By my count, I watched the Giants play baseball for 20 days out of the last 365. As in, 20 full days, night and day, for 24 straight hours. If you break them up into 16-hour shifts, it's a full month of watching Giants baseball and sleeping for six hours before getting up and watching it again.
That's a lot of baseball, alright, and the odds are fair that you have a similarly impressive tally. It's the winter, so you've forgotten just how long the baseball season is. It's long. As such, it's completely unfair to dismiss the entire season because the Giants didn't make the postseason. In the middle of those hours and hours, there were beautiful moments, stunning moments, sad moments, and baseball moments. You'll remember this season for something.
Let's figure out what that something is. To help figure this out, let's go back 10 years and recall what each of those seasons was remembered for.
I do not remember a thing from this season, and we are off to a bad start.
Okay, fine, let's see ... Matt Cain's first full season. Brian Wilson's debut. The Shea Hillenbrand Era. Two different 41-year-old starting outfielders. The best season of Ray Durham's career. But you can see how all of these things are a stretch.
Barry Bonds breaking the career home run record, then playing in his final game, is a pretty freaking substantial franchise moment.
Also, this was the All-Star Game season, and I'm pretty bummed that we have to wait another 22 years or so before the next one.
Tim Lincecum's first Cy Young and the emergence of Pablo Sandoval. As much as I like to pick on the 2008 season, those two things are more than most awful teams can claim every year.
Jonathan Sanchez breaks the no-hitter drought, and Lincecum wins his second Cy Young.
Let's see ... Mark DeRosa's injury was pretty disappointing and John Bowker was traded. Other than that, I can't remember much.
Ryan Vogelsong's renaissance and Buster Posey's injury. The Carlos Beltran trade probably deserves to be up here, but when I think of '11, I think Vogelsong and Posey, over and over again.
Possibly the best season in franchise history, from the perfect game to the MVP season to the postseason comebacks to the World Series win.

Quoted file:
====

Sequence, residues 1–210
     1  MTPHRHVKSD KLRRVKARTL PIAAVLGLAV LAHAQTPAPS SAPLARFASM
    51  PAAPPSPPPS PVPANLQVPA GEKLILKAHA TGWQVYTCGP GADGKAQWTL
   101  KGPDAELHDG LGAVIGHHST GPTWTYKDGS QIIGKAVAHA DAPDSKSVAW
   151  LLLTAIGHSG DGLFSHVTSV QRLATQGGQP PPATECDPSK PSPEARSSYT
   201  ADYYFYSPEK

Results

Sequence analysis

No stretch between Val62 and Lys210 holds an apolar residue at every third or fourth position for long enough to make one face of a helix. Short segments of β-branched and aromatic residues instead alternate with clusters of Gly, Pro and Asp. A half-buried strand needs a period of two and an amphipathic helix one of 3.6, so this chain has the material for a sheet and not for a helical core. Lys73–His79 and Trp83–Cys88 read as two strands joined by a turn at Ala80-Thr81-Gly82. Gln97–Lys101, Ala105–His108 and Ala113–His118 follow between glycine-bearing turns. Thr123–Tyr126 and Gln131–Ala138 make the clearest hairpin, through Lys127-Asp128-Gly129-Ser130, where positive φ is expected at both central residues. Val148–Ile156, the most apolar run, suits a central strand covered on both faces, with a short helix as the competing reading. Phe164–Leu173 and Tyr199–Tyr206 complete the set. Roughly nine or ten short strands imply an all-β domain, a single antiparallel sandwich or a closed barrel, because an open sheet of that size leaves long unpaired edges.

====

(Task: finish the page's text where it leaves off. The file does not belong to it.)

Tim Lincecum's no-hitter was almost certainly the highlight, considering that I remember almost less of this season than I do of the 2006 season. Maybe that's not fair to Kensuke Tanaka.
Eric Chavez ruined part of this season, of course. I'll never forgive him for that.
You know, some years are easier to label and remember than others.
Okay, so you get what we're going for. It doesn't have to be a game, player, accomplishment, or milestone, but it's probably one of those. What will you remember the 2015 season for?
Chris Heston's no-hitter, for one. It was a dazzling game to watch, and it came from a hilariously unexpected source. It made you feel like the Giants were going to kick that every-other-year business.
Madison Bumgarner's dingers. His pitching was superlative, too, of course. But the dingers were truly special. You can include the other Giants pitchers here, too, if you want. Mike Leake, Ryan Vogelsong, and Jake Peavy all hit beautiful home runs, and the idea of the DH looked progressively dumber with each one.
Brandon Crawford's Gold Glove season. Saying goodbye to Jeremy Affeldt and Tim Hudson. Jarrett Parker's absurd three-homer game. These will all have a place in the lore of 2015.
For me, though, the season will be defined as The Year We Figured Out that Joe Panik and Matt Duffy Were Really, Really Good. If the Giants come back with the even-year nonsense this year, or if they make the postseason at all, we can point back to 2015 as when it all started. Not just because Panik and Duffy are (hopefully) helping the Giants get back, but because their presence allowed the Giants to spend hundreds of millions on pitchers and extend their All-Star shortstop at the same time.
If the Giants are good for the next few years, their infield should be a huge reason why. This is the year that we realized, my word, the Giants' window doesn't necessarily have to be closing at all. A couple of first-year players might be propping it wide open.
Also, 2015 was the year when Madison Bumgarner rode a horse on the field.
Happy New Year, everyone! May the next year of your life be an even year.